Meet Eddie Yoon, the founder of a think tank Eddie Would Grow and author of Superconsumers who was kind enough to join our podcast today. Eddie’s notion of enthusiastic consumer groups offers a fresh look into the world of marketing and offers potentially invaluable advice for you and your business. Tune in and learn why you’ve been targeting your customers wrong the entire time!
Superconsumers are all over, you just have to find them
Generally speaking, sales can be divided into two parts: targeting and execution. The former is all about finding the people who’re willing to buy whatever it is you’re selling; the latter is about actually making the sale happen.
These two elements are consistent in every sales situation, whether you’re doing 1-on-1 deals or mass marketing through retail channels.
On our today’s podcast, Eddie Yoon addressed one of these issues – the targeting part. He believes that finding passionate customers that are ready to spend cash on your product is easy – you just have to know where to look.
Superconsumers – arguably, the best type of consumers – aren’t just people who love a particular product or have tons of disposable income. Superconsumers are people who’re extremely enthusiastic about an entire niche of products. People who follow the latest trends, know all the specs and bring the topic up on every bar night.
Yes, I’m talking about car enthusiasts. Headphone enthusiasts. You know them. You’ve seen them. Chances are, you have one among your family or friends.
“Roughly about 10 percent of consumers in any given category qualify as highly passionate about the category and spending quite a bit about it,” Eddie shared the findings he came across during his extensive career, “That might seem like a needle in a haystack, but […] they’re kind of out there, in plain sight.”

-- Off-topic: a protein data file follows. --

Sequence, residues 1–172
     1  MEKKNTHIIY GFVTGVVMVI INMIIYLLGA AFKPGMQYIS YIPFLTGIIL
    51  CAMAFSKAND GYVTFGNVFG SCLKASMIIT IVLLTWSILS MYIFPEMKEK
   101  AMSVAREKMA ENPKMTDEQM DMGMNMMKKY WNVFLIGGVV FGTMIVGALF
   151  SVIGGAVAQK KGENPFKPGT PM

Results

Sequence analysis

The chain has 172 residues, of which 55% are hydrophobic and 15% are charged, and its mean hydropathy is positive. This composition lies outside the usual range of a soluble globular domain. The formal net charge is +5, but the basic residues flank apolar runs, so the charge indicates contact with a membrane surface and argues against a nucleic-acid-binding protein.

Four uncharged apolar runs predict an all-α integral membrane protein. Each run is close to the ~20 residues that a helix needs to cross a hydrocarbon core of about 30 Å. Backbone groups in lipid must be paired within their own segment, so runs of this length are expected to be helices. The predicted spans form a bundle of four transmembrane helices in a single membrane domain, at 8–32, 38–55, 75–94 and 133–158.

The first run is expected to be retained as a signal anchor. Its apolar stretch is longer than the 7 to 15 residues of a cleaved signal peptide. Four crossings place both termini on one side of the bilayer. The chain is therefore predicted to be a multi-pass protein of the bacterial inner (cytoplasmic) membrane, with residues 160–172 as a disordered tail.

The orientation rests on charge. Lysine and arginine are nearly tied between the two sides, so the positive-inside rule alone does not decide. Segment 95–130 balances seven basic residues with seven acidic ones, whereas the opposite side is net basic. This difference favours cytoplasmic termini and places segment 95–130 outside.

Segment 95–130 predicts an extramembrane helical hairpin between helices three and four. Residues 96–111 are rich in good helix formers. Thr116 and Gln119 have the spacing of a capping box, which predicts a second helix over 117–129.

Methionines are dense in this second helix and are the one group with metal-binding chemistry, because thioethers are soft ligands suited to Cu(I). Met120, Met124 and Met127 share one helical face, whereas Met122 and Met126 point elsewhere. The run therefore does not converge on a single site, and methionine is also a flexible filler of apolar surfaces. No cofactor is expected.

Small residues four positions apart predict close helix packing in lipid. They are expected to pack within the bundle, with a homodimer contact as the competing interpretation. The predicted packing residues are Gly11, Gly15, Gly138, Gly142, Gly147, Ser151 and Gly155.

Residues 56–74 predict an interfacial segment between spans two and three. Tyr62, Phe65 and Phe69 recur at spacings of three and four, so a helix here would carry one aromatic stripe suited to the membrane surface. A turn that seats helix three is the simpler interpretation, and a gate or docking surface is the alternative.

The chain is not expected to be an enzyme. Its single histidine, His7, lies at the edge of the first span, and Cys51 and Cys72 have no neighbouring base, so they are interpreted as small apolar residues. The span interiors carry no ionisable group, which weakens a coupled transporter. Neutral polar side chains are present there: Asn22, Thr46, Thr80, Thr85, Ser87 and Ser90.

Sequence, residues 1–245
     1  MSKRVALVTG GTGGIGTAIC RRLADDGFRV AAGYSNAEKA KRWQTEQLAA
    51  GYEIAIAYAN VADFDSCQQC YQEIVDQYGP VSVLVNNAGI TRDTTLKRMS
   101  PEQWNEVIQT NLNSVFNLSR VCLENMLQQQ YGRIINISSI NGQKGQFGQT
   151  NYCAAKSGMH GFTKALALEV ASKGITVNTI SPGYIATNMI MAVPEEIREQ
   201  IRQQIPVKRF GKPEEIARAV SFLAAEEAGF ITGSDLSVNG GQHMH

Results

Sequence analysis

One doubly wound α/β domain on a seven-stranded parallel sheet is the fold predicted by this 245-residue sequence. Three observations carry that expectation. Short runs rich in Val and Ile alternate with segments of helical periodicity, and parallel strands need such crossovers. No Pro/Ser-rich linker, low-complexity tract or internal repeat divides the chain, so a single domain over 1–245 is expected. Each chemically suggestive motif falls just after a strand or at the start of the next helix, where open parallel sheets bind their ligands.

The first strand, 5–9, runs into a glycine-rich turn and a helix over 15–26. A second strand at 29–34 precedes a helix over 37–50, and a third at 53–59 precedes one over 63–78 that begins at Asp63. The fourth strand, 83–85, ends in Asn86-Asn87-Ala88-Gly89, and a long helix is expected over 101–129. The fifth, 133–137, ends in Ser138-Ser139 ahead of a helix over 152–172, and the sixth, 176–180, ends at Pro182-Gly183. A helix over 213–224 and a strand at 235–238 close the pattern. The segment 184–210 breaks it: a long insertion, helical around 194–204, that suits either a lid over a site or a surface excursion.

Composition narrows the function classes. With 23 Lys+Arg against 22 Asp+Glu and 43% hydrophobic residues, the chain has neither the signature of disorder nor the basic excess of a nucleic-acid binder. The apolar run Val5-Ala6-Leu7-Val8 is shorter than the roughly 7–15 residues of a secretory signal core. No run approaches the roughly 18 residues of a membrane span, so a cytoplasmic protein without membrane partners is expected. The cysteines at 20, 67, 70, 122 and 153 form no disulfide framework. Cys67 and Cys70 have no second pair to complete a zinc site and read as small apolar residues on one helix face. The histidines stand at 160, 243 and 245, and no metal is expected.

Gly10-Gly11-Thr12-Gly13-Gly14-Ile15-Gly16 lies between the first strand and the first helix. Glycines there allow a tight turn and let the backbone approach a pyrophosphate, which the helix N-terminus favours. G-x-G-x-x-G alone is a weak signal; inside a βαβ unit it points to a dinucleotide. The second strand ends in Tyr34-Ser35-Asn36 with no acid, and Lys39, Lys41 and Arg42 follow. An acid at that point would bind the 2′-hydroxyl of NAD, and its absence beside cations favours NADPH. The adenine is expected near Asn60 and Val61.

How do you find Superconsumers?
One of the ways to tackle the quest of finding these super-passionate, money-spending buyers is by deep-diving into data and looking for trends and anomalies.
“What you do is you look for spiky parts of your data,” Eddie said, “The two words that I hate most is national average. I just think that averages are misleading – they kind of run over and smooth over all the great (information that could be derived from the data).”
“When you see a spike of, like, Rome, Georgia, for being the highest per-capita Coca-Cola consumer in the world, (it really gives you interesting information that can give you further ideas),” Eddie continued.
However, what do you do when you don’t have the access to the raw data, or don’t know how to read it?
One of the options you could go for are tools like Google Insights or Google Trends: “You can just look at what kind of search terms are popping off in different parts of the country.”
Of course, if you’re not into the whole digital analysis thing, there are a lot more “human” ways to figure out what a certain group of people is crazed about. You could, for example, simply go where people are buying products and look for potentially useful information there.
“You’ll notice that a local grocery store in, say, Portland, Oregon has a lot more craft beer than, say, Western.”
To hear more of Eddie’s insights, tune into our today’s podcast at the top of the page!